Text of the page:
TOKYO -- A power plant in Bangladesh fueled by liquefied natural gas will receive 69 billion yen ($644 million) in loans from public and private Japanese lenders.
The funds will go toward a 718-megawatt plant owned partly by Japanese energy group JERA. The project represents the first time a Japanese enterprise participated in a Bangladeshi power facility.
The power station, to be located 40 km from the capital Dhaka, is to begin commercial operations in 2022. The electricity will be sold to a state-owned provider.
Demand for power remains strong for emerging nations that have achieved sustained economic growth. In Bangladesh it is expected to grow by an average of 6.6% a year.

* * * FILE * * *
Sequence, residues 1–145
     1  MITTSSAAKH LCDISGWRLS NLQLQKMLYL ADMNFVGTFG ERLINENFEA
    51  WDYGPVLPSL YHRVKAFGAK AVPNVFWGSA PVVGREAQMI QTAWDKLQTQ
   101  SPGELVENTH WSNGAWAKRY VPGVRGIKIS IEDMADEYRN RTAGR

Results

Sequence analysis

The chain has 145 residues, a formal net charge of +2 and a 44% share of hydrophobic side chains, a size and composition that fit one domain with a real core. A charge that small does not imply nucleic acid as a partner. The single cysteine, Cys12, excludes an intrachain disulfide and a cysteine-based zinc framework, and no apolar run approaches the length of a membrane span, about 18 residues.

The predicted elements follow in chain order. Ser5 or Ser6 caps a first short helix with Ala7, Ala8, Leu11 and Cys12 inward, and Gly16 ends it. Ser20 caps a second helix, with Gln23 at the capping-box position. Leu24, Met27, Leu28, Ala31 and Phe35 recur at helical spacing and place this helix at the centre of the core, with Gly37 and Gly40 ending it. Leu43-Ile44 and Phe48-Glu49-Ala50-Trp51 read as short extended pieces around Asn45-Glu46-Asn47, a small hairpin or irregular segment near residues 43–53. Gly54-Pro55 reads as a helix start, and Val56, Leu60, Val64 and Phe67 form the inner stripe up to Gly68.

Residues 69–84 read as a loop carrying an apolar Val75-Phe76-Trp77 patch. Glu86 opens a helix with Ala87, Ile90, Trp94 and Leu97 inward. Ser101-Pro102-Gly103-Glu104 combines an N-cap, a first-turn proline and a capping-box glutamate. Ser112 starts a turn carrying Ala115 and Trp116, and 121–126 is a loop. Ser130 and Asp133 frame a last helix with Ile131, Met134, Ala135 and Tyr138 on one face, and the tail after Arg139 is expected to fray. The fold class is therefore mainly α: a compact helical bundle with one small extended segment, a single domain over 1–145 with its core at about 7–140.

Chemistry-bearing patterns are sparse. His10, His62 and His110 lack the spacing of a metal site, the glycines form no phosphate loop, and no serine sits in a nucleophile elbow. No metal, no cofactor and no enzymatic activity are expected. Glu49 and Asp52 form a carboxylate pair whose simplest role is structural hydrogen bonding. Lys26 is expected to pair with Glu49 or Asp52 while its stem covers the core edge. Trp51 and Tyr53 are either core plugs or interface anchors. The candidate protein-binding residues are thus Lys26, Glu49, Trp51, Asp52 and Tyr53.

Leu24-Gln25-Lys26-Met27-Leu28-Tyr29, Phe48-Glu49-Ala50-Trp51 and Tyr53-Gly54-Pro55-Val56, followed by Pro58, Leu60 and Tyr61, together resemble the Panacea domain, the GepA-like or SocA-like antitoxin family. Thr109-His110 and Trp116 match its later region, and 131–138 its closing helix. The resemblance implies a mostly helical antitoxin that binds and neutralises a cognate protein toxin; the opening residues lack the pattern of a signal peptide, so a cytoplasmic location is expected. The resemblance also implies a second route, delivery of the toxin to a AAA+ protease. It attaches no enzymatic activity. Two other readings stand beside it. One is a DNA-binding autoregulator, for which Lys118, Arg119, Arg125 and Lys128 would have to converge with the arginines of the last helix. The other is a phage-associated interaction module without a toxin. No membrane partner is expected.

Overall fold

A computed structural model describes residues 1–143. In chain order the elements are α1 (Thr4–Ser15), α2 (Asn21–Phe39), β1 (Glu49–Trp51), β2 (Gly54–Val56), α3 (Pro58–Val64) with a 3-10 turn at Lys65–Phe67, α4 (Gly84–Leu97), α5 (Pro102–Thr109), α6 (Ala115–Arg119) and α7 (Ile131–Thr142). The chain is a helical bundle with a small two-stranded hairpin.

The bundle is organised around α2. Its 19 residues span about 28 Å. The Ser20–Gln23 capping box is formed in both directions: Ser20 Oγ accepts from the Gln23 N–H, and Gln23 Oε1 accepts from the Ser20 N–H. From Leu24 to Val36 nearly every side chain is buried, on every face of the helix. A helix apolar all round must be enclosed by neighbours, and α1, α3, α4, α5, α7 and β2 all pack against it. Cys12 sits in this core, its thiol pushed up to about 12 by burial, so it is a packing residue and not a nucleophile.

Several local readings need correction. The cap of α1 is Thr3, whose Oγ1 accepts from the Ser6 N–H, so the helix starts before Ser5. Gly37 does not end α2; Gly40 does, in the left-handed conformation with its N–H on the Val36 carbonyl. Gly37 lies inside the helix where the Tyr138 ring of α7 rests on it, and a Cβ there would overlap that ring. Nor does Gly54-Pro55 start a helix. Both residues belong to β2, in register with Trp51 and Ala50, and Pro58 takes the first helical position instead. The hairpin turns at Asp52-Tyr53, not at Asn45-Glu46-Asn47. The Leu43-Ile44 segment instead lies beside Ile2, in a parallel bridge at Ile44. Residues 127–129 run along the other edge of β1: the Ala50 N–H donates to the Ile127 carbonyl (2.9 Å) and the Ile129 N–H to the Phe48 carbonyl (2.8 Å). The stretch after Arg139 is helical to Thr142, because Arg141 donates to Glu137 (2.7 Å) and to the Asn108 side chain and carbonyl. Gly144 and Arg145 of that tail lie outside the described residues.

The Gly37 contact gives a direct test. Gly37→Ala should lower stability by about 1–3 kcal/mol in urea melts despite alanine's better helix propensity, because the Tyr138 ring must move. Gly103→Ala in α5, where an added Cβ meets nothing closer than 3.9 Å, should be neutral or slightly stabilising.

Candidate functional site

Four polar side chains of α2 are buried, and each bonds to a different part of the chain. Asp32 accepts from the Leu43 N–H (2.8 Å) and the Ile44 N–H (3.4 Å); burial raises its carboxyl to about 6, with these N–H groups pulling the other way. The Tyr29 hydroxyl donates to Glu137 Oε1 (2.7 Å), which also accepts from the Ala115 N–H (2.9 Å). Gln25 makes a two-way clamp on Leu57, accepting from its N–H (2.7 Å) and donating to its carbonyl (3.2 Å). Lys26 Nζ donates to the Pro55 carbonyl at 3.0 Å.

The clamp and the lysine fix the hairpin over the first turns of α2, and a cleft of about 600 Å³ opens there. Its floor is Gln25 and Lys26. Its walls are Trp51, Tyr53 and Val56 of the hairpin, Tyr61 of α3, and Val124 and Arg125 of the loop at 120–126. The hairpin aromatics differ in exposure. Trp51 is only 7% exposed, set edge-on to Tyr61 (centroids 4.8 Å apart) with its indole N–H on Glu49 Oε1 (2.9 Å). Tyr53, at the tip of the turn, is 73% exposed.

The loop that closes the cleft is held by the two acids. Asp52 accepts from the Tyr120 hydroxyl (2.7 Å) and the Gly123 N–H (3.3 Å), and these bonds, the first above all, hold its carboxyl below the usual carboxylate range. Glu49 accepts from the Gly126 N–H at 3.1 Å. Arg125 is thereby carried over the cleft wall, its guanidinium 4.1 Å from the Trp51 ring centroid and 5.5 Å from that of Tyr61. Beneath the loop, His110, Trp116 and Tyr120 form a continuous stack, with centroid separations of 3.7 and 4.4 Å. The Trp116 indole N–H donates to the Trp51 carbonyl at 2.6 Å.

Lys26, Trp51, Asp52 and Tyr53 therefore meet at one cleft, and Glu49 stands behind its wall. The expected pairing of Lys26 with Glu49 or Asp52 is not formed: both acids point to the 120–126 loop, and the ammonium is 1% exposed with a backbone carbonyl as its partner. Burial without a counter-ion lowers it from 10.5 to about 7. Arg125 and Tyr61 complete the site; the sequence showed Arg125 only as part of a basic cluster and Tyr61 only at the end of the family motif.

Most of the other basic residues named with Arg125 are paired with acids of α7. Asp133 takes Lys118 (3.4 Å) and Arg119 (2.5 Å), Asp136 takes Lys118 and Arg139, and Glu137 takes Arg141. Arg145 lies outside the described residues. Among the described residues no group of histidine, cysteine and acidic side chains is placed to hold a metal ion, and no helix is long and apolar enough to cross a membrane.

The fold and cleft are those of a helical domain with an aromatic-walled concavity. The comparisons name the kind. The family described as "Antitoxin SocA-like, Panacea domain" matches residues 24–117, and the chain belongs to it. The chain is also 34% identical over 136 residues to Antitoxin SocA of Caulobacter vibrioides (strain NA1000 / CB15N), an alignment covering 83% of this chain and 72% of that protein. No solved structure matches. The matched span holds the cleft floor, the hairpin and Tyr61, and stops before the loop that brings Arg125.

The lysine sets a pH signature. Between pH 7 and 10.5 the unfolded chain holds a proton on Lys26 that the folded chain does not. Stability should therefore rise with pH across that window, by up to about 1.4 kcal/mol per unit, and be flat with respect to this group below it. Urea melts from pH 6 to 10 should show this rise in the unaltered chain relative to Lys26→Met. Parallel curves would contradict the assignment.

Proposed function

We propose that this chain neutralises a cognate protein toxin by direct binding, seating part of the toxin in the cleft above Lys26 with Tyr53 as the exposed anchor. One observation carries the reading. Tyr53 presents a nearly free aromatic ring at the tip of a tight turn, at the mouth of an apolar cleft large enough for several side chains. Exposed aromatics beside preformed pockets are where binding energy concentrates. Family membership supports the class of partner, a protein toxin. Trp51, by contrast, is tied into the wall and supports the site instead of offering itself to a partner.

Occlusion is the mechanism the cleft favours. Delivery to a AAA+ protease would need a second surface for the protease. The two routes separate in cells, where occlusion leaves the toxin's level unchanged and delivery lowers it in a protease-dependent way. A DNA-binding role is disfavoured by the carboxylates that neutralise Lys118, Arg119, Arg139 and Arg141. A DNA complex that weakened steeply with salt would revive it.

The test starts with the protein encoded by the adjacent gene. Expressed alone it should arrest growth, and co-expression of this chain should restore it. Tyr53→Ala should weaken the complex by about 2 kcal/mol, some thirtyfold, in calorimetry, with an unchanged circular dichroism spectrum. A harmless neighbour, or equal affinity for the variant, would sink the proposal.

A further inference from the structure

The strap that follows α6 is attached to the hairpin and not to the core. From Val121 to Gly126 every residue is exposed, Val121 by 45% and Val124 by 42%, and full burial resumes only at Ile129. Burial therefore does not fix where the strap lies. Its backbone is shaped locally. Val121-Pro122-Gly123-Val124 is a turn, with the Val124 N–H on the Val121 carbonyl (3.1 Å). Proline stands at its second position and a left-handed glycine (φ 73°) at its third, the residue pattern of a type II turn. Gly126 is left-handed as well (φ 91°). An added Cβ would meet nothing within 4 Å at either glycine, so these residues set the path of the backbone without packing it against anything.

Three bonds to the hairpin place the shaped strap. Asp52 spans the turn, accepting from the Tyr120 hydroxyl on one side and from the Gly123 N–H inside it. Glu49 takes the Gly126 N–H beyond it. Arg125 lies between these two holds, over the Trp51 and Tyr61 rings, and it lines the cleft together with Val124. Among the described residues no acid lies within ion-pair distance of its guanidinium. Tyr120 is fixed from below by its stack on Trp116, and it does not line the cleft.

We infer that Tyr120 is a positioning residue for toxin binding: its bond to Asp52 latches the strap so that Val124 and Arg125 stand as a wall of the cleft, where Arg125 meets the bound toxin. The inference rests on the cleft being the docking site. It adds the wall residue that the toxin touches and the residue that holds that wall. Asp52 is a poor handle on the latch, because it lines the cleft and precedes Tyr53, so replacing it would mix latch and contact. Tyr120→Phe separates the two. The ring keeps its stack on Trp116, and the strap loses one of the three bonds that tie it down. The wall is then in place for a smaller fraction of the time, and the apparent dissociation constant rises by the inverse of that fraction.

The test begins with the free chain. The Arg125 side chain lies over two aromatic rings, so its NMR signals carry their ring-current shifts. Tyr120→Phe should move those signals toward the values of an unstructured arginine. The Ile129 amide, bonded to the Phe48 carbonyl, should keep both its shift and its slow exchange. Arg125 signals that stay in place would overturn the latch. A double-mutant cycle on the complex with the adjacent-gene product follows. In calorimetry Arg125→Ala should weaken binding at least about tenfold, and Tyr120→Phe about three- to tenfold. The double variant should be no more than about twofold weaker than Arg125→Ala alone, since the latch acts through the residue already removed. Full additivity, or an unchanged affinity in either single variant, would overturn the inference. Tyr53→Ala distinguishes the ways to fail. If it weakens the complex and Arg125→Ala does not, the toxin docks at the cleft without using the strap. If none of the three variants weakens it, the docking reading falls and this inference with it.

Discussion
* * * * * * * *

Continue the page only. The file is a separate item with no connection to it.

The public-sector Japan Bank for International Cooperation will cover 28.5 billion yen of the 69 billion-yen loan. The Japan-led Asian Development Bank will participate in the joint credit as well.
Other institutions that will chip in include Japanese megabanks Mizuho Bank, Sumitomo Mitsui Banking Corp. and MUFG Bank.
Nippon Export and Investment Insurance, another Japanese government entity, will guarantee private-sector loans along with JERA's stake in the power plant. This arrangement will cover losses in the event of conflict or nonpayment of power fees.
Tokyo Electric Power Co. Holdings and Chubu Electric Power integrated their LNG and other fossil-fuel power assets in 2015 to form JERA, a 50-50 joint venture. Because LNG produces less greenhouse gas than coal, JERA can gain a competitive advantage in the power-generating field while contributing to a limited carbon footprint in Asia.